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Is STD Transmission a Criminal Offense in Florida?

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When you think of offenses involving bodily harm to another person, assault, battery, and aggravated crimes come to mind. You might be surprised to learn that, under certain circumstances, simply engaging in consensual sexual intercourse may be a criminal offense. If you’ve contracted certain types of sexually transmitted diseases, you could face charges under Florida’s statute on unlawful STD transmission.

The law is rather broad and covers a wide range of activity, so it’s important to retain a Fort Lauderdale criminal attorney if you’ve been charged with transmitting an STD to another person. You might also find it helpful to review important factors regarding the crime and defenses.

Various Forms of STD Transmission Offenses: The statute includes long list of sexually transmitted diseases that could lead to charges, including gonorrhea, chlamydia, herpes, and syphilis. However, a prosecutor must still prove certain essential elements beyond a reasonable doubt:

  1. You have one of the designated diseases;
  2. You know that you have an STD and have been informed that you may transmit it through sexual contact; and,
  3. You did NOT tell the other person about the STD or obtain consent after informing him or her.

From the above elements, you should note that you don’t actually have to infect the other person with an STD. The act of engaging in sexual activity, knowing you could transmit it, is unlawful.

HIV Transmission: The statute contains a separate provision for transmission of human immunodeficiency virus infection – HIV, which is the virus that causes AIDS. It’s still a crime to engage in sexual activity with a person under the three elements described above. However, the crime is elevated to Criminal Transmission of HIV if you engage in other offenses at the same time, including:

  • Sexual battery, i.e., rape;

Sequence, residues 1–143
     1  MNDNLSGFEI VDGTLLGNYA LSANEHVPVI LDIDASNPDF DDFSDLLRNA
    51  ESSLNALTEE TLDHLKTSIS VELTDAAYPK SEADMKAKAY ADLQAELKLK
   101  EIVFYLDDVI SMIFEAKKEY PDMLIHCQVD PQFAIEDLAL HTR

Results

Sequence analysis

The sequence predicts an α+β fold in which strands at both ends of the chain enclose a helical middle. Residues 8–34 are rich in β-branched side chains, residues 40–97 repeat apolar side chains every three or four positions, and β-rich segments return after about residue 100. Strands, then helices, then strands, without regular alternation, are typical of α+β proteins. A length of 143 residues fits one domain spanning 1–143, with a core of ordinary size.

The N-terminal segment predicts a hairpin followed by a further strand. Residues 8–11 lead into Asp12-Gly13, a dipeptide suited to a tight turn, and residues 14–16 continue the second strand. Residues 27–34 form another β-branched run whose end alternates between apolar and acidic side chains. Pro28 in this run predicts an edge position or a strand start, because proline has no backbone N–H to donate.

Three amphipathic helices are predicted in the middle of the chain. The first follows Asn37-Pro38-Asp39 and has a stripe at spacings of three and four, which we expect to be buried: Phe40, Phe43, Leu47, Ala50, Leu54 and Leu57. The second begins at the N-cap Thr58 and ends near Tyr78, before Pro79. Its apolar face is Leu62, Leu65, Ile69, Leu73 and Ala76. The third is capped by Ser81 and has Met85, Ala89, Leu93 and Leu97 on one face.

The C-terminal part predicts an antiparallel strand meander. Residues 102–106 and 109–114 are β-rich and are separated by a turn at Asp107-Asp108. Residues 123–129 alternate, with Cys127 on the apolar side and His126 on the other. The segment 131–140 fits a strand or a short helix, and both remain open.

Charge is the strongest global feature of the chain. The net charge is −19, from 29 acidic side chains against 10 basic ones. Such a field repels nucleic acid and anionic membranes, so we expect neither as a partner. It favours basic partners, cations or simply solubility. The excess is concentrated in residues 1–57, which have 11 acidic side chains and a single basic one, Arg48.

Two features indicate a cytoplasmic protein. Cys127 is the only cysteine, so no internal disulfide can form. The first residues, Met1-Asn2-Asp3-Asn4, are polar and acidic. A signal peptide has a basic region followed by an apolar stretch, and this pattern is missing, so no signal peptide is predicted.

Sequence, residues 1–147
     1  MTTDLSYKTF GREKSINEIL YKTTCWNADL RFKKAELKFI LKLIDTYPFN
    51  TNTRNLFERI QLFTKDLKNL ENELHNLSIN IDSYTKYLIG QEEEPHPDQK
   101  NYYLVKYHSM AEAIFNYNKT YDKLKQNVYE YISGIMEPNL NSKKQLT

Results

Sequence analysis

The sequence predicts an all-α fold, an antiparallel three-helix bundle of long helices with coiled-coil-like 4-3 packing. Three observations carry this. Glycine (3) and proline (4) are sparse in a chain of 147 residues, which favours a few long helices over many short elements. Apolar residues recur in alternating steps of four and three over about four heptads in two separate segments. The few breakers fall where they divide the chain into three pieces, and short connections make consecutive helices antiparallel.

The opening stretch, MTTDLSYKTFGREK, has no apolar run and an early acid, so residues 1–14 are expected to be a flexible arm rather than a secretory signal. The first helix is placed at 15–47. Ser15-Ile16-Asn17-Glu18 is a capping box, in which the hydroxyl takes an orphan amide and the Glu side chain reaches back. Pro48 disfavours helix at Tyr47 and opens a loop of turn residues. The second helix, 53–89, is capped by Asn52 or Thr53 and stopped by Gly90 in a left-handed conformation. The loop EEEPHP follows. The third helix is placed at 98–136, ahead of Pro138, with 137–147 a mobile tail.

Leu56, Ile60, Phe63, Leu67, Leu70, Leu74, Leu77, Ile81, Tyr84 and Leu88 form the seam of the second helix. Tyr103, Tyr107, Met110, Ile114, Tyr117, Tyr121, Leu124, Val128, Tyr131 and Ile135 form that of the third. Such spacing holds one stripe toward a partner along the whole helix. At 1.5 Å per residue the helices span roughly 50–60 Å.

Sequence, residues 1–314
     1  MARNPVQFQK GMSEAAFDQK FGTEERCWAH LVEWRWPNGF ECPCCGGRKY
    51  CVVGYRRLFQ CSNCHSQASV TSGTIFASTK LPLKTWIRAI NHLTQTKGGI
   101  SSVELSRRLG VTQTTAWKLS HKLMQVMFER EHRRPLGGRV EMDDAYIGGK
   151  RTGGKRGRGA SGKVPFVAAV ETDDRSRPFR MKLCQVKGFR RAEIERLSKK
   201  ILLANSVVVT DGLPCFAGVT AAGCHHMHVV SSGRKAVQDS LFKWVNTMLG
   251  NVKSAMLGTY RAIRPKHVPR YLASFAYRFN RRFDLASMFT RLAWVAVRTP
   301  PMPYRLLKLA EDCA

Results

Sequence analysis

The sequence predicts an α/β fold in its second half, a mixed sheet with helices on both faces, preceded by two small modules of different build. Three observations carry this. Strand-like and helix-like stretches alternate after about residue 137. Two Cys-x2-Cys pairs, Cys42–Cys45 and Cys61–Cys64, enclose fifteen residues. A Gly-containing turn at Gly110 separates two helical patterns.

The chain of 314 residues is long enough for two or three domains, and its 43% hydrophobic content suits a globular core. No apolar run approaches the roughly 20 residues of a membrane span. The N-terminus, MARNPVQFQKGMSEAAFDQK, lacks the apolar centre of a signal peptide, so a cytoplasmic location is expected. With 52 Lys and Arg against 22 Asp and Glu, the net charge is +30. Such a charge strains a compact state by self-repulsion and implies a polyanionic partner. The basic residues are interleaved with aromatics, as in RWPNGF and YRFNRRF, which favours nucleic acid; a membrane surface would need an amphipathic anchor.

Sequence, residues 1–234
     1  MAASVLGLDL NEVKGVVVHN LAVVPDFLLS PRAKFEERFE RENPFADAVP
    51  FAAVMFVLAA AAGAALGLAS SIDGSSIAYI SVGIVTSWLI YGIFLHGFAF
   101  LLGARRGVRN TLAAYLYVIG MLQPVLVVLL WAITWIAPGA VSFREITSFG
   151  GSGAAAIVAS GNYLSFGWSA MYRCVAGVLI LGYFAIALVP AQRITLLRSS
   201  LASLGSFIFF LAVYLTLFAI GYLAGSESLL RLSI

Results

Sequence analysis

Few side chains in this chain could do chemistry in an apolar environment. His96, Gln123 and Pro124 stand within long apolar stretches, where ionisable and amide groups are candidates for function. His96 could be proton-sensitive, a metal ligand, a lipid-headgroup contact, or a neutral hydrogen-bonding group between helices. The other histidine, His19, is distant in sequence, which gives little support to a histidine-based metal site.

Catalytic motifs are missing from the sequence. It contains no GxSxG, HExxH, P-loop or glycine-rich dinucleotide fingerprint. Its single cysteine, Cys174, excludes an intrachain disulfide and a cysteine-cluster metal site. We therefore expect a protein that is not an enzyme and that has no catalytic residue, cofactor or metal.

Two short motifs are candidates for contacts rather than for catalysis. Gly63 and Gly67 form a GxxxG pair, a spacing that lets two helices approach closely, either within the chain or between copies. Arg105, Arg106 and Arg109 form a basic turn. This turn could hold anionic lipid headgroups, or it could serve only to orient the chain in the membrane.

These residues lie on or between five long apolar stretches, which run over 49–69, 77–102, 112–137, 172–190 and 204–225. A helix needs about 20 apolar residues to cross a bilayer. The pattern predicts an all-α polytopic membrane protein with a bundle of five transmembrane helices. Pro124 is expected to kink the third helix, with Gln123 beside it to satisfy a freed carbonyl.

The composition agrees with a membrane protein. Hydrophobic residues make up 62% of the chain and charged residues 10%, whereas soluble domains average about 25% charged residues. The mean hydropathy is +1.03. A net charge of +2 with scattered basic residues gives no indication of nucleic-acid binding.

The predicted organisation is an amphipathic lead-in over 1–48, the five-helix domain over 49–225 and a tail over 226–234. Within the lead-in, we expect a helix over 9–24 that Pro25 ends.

• Incest;
  • Assault; and,
  • Aggravated assault.

As an example, if a person with HIV attacks another individual, there could be charges for assault AND Criminal Transmission of HIV. This offense is a Third Degree Felony under Florida law.

Penalties for a Conviction on Transmission of STDs: In many cases involving STD transmission, the offense is a First Degree Misdemeanor, the most serious form of misdemeanor. If convicted, you face up to a year in jail and a maximum fine of $1,000. The offense is elevated to a Third Degree Felony under certain circumstances involving prostitution, such as:

  • You engage in prostitution by accepting money or something of value for sex;
  • You solicit a prostitute; or,
  • You offer to engage in prostitution.

If convicted of a Third Degree Felony, you face up to five years’ imprisonment and a fine up to $5,000.

Defenses May Be Available to Fight the Charges: The two key defenses in an STD transmission case involve disproving the essential elements of the crime. If you didn’t know you had a disease, or you obtained consent from the other individual, you may be able to beat the charges.

Consult with a Florida Criminal Defense Lawyer About STD Transmission Offenses.

For more information on criminal STD transmission, please contact the Fort Lauderdale office of criminal defense attorney Kevin J. Kulik. We can provide more information on defense options after reviewing your situation.

Resource:

leg.state.fl.us/statutes/index.cfm?App_mode=Display_Statute&URL=0300-0399/0384/Sections/0384.24.html

https://www.kevinkuliklaw.com/faqs-about-evidence-tampering-crimes-in-florida/

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